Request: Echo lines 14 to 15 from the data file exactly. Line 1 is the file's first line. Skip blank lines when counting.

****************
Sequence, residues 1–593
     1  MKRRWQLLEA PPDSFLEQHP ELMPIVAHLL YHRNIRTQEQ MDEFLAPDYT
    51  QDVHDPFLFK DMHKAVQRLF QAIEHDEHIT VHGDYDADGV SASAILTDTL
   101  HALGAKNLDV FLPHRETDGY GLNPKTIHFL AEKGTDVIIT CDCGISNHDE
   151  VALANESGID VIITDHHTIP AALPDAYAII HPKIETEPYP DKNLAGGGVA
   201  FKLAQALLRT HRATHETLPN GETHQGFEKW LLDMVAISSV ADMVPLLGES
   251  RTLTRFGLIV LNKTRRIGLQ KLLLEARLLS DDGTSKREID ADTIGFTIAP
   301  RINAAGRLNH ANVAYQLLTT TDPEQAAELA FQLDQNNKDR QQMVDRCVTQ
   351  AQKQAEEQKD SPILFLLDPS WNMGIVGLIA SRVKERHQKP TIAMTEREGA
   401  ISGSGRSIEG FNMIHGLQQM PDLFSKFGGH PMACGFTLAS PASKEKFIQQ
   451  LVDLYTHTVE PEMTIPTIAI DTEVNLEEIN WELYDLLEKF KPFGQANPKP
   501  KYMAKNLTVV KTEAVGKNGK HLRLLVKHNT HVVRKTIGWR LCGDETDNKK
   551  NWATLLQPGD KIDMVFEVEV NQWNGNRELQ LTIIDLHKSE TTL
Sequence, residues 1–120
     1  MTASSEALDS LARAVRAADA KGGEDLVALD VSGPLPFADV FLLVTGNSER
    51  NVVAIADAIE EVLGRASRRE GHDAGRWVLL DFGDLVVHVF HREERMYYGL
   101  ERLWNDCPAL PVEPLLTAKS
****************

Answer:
Sequence, residues 1–120
     1  MTASSEALDS LARAVRAADA KGGEDLVALD VSGPLPFADV FLLVTGNSER